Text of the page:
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Religion Library: Scientology


Written by: J. Gordon Melton

Equally importantly, he collaborated with Volney Mathison, an engineer, in the development of the electropsychometer or E-meter, a device that measured emotional reactions by means of a minuscule electrical current sent through the body. Though different, the E-meter was consistently compared to a lie detector.Hubbard taught that the changes monitored by the E-meter revealed what the mind was doing when a person was directed to think of something.The E-meter gave Dianetics a means of quantifying the counseling experience, and subsequently the major task of the auditor came to be the accurate reading and interpretation of the information produced by it.

As Hubbard continued to research the mind, he made a seemingly small but key shift in his studies, turning his attention away from the mind itself to what he posited to be the entity that observed the images that the mind was storing.He named that observer-entity the thetan, from the Greek letter theta, for thought or life.To outsiders, the thetan closely resembled what other religions would call the soul or spirit. Exploring the thetan also led Hubbard to consider its existence in a number of previous lifetimes -- what many would call reincarnation.

A debate about this within the board of directors of the Hubbard Dianetic Research Foundation cost Hubbard the support of a number of its leading members, including that of Dr. Winter, who had written the preface to the original edition of Dianetics and who had been spearheading the effort to have Dianetics recognized by the professional medical world.Dianetics had been centered solely on the mind. Ruminations on the implications of the existence of the thetan, a spiritual essence of human beings, pushed Dianetics' evolution into Scientology, and in 1952 Hubbard founded the Hubbard Association of Scientologists and launched the Journal of Scientology.He also began issuing a regular series of technical publications to upgrade the auditors' expertise in light of the barrage of new insights. Hubbard was now clearly venturing into theological realms.

While "mind" remains a contested entity in scientific circles, "spirit" is an even more nebulous entity.Hubbard's emphasis on the thetan and his growing consideration of the thetan's role in cosmic history suggested that Scientology was moving into the field of religion, and in 1953 students of Dianetics and Scientology began to affirm Scientology's role as their religion.The affirmations culminated in February 1954 when some of Hubbard's followers took the lead, independently of him though clearly with his blessing, in organizing the first local Church of Scientology, in Los Angeles, California.A second church, organized in Auckland, New Zealand, soon followed it.In March 1955, Hubbard moved to Washington, D.C., and opened the Founding Church of Scientology and assumed the role of executive director.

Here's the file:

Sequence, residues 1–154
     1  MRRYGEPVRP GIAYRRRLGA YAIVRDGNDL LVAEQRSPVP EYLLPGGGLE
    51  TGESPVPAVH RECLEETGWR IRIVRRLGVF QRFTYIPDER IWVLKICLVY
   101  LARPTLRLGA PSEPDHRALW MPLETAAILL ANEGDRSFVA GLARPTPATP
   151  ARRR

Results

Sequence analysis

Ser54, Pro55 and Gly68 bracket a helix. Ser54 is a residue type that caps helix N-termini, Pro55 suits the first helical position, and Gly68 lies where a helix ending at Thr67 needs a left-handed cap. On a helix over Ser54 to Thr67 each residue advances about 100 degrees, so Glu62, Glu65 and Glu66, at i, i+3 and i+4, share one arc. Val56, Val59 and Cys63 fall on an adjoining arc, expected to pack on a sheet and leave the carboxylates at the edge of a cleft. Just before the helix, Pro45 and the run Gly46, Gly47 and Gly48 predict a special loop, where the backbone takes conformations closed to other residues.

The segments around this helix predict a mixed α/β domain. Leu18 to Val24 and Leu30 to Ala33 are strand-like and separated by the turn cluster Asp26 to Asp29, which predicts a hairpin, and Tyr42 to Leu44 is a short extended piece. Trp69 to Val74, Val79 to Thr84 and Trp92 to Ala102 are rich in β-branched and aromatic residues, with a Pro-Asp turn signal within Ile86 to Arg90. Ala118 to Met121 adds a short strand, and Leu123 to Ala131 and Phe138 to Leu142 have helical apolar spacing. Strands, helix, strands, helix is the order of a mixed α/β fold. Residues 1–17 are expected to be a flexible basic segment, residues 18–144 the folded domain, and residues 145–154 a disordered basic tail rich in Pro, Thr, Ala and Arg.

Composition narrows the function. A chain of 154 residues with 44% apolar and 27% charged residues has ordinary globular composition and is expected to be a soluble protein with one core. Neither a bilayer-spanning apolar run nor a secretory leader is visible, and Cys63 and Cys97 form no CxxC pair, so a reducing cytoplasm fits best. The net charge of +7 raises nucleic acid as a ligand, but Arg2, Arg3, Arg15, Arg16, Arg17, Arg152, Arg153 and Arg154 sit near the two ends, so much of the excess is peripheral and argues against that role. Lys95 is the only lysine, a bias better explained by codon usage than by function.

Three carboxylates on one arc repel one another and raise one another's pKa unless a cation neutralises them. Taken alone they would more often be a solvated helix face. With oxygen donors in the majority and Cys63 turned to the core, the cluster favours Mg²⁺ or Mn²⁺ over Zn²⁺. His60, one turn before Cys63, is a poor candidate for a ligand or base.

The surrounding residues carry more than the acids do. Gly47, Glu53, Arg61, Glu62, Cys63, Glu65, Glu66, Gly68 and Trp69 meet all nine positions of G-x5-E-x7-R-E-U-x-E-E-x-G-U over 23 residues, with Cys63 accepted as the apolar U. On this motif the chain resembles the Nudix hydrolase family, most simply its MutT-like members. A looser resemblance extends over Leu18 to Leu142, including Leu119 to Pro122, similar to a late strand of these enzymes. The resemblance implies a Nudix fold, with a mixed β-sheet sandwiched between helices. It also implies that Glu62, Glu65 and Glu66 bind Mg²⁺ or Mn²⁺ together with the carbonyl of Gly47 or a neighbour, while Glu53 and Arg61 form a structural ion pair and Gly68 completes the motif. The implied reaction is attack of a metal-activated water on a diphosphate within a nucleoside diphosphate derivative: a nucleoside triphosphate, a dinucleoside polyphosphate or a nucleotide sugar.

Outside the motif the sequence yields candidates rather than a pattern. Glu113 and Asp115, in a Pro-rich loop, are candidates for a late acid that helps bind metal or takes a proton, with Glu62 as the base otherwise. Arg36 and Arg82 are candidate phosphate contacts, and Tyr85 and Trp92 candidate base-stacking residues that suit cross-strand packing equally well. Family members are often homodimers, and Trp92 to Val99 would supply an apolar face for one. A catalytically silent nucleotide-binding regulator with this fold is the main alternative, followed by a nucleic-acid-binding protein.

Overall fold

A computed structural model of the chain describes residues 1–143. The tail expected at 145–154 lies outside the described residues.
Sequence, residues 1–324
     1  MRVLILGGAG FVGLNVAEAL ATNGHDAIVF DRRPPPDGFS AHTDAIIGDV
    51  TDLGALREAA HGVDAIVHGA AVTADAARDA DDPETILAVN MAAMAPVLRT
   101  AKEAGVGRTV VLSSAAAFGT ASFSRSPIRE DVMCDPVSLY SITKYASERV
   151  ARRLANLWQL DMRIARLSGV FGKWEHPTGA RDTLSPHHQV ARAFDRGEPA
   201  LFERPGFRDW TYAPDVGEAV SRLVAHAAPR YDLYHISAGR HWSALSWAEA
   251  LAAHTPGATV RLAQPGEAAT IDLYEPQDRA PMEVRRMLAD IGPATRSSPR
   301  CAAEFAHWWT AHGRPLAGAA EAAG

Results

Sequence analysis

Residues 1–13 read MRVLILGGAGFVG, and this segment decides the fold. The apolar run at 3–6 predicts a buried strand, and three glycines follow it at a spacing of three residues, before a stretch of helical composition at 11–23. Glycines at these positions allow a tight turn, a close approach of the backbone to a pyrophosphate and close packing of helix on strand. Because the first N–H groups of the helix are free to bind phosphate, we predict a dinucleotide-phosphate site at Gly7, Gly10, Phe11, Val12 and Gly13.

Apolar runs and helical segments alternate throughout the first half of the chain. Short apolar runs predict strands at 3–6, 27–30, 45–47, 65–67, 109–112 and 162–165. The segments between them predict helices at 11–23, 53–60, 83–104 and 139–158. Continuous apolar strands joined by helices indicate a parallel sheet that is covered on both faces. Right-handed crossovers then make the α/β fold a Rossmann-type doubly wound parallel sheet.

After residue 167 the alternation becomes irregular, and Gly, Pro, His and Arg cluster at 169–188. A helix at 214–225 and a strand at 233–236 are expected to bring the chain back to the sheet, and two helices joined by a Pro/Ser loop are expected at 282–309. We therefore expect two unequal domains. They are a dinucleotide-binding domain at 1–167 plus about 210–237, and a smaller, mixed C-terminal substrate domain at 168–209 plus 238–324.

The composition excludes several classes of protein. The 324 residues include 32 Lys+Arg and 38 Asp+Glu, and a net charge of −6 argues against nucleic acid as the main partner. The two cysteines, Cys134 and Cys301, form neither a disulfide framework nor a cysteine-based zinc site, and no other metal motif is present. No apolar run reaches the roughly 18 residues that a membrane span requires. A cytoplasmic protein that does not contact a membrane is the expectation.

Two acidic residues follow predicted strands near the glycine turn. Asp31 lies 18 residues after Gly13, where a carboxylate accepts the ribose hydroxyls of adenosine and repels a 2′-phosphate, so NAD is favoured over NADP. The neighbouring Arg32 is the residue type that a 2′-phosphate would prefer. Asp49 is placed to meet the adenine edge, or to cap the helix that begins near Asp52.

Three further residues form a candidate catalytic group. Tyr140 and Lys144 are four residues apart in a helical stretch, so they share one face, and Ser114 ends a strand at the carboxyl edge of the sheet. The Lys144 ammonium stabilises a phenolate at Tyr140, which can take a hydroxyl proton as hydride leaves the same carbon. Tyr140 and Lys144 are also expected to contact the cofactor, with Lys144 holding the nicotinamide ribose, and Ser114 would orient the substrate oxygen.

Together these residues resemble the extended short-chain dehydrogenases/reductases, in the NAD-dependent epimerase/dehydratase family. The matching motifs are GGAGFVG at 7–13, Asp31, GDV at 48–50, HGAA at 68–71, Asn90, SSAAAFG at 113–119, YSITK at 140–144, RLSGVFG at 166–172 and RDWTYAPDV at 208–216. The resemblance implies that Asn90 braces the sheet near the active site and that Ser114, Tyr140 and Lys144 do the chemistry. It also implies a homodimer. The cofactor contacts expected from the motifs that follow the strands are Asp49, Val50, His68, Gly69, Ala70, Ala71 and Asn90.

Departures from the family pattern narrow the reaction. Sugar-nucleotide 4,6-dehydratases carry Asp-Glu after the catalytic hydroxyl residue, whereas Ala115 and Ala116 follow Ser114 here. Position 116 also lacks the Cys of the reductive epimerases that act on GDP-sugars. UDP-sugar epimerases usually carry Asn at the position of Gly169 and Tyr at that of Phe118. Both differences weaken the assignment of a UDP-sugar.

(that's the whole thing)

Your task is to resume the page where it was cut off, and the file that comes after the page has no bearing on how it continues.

By this time, Scientology was already spreading internationally.People in the English-speaking world had begun self-auditing using the basic text, and Hubbard began dividing his time between London and Washington, speaking and organizing his followers.Translations of his writings into other languages began to be produced, and in 1959 the first church in a non-English-speaking land opened in Paris, France.

Study Questions:
     1.    Describe the time period in which Scientology developed. Why do you believe it gained popularity?
     2.    What is the Hubbard Dianetic Research Foundation? What does it teach?
     3.    Who was Volney Mathison? How did his development impact Scientology?
     4.    What is the thetan? How did its exploration help Scientology to become a religion?


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